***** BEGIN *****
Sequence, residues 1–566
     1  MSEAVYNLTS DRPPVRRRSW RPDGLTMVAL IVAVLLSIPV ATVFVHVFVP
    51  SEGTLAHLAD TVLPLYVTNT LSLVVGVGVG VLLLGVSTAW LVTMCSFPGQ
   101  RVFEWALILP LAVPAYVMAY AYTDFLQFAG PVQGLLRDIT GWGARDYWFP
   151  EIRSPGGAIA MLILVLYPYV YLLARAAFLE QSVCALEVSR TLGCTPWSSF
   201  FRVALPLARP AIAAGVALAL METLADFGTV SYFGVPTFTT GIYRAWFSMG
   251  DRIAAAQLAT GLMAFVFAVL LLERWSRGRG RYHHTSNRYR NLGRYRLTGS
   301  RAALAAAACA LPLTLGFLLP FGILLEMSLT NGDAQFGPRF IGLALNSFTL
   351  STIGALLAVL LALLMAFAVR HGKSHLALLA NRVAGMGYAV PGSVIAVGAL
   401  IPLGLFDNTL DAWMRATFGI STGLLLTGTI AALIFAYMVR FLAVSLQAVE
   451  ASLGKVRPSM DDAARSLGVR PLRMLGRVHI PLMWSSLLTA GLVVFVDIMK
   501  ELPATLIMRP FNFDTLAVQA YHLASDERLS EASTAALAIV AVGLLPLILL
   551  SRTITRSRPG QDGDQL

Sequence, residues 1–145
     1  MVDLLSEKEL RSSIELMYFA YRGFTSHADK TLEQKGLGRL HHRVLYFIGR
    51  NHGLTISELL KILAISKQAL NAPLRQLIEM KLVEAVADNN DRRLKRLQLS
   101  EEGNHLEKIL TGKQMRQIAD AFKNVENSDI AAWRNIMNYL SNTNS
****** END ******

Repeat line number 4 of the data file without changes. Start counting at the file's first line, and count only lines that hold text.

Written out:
   101  RVFEWALILP LAVPAYVMAY AYTDFLQFAG PVQGLLRDIT GWGARDYWFP